Lstiburek's former recommendation to use vapor-permeable foam was due to a concern that imperfections in the foam installation might allow some warm interior air to contact the cold concrete, leading to condensation. However, experience has shown that most foundation walls, even those with small amounts of condensation, experience some drying activity at the top of the foundation wall.

    Martin, Isn't it kind of like putting a piece of poly over a pile of wet wood on the ground (like the wet wood and TJI's and RimBoard above our foundation) and hoping to not discover a variety of different coloured molds when it's uncovered in late spring (or when the water is trying to escape from our wall assembly in the spring) ?

    - when it warms up, heat and moisture is going to rise up into the sill / rimboard area if that's the easiest pathway ( i.e moisture and air contained on two sides by XPS, EPS and sprayfoam), no ?

    To clarify, we were thinking of bringing the XPS (two layers of reclaimed 3'', 2'x4' panels) up to the top of our main floor deck level, which is sitting upon a foundation knee wall.


  6. GBA Editor
    Martin Holladay | | #6

    First of all, at the top of your concrete foundation wall, you need a capillary break. Most builders use foam sill seal for this purpose. The capillary break will keep your rim joist dry, and prevent wicking.

    It's perfectly OK to enclose concrete on all sides with polyethylene or rigid foam. Concrete is not wood. Concrete is used for bridge footings; it can sit underwater for decades. As I wrote earlier, damp concrete is strong concrete.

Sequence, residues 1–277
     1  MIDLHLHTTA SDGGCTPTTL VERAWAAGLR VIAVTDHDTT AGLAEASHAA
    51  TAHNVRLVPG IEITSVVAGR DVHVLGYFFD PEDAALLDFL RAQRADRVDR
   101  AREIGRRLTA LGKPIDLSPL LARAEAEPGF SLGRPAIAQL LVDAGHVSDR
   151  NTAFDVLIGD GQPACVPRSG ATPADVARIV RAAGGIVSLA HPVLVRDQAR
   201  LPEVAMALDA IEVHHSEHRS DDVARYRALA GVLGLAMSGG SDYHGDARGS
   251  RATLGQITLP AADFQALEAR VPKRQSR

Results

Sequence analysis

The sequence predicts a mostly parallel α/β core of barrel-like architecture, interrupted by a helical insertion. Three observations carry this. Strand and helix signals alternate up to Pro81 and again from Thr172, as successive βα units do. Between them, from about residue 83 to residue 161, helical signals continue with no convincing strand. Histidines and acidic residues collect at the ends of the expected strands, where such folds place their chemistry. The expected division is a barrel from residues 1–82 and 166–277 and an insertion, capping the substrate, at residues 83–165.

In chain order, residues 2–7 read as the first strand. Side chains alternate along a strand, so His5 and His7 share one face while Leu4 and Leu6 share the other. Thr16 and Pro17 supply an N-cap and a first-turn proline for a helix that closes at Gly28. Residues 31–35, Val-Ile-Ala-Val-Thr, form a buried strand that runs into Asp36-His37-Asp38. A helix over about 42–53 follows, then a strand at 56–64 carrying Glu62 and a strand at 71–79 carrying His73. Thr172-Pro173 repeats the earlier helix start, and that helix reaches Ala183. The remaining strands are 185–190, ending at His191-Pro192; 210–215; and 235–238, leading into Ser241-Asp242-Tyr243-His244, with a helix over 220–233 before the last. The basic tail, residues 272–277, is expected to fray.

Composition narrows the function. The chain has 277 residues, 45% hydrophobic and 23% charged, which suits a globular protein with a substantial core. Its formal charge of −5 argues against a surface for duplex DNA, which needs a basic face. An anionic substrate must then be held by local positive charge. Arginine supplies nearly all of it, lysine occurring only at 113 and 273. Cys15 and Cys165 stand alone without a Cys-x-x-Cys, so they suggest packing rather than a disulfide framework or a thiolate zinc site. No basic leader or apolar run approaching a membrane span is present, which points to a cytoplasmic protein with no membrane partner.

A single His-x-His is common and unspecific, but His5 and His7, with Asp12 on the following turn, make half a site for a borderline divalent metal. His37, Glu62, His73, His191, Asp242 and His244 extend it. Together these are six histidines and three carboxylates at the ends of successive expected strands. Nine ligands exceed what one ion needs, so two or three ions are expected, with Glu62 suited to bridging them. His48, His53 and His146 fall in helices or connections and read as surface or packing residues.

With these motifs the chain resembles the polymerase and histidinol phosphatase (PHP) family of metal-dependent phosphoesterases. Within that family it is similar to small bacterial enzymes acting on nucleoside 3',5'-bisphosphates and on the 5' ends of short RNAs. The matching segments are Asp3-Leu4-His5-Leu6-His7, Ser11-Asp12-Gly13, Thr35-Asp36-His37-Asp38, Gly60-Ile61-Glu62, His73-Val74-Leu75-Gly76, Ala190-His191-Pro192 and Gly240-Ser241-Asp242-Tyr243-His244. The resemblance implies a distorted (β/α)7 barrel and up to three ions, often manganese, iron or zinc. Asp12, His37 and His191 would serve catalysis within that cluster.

7. 415irwin | | #7


    Yes, we've got the sill gasket in place.
    Our concrete is certainly strong, though it's not our concern; we're somewhat worried about the pathway the water it contains will take when exiting the building. More specifically, are we asking that the moisture in our green foundation find its way through our OSB 'RimBoard' on it's way, eventually, to the atmosphere ?

    About 8' of this RimBoard arrived on site with mold already on it - likely from sitting under a used lumber tarp / insufficient handling.

    Again, I love strong concrete as much as the anyone. Not that big on molds.


  8. GBA Editor
    Martin Holladay | | #8

    Again, the way to protect your rim joist is by careful installation of the capillary break.

    It's also important to make sure that the rim joist stays dry; you can do that by installing rigid foam on the exterior of the rim joist, and keeping your basement air dry.

  9. Expert Member
    Dana Dorsett | | #9

    The foamy sill gaskets are way better than nothing, but not nearly as good as metal flashing (yeah, I know, thermal bridging gone wild) or EPDM membrane.

    If there isn't a capillary break between the footing and foundation wall there is still a rationale for keeping the interior foam semi-permeable- it's not ENTIRELY about wintertime moisture migration into the concrete from interior moisture drives (even if convected)- capillary wicking moves far more moisture than incidental air leakage, and allowing the concrete to dry toward the interior isn't a bad thing compared to allowing copious efflorescence on the above grade exterior (or even freeze/thaw spalling, should the moisture levels of the concrete reach that point.) This is obviously easier to deal with in new construction rather than retrofits.

  10. 415irwin | | #10

    Thanks Dana and Martin.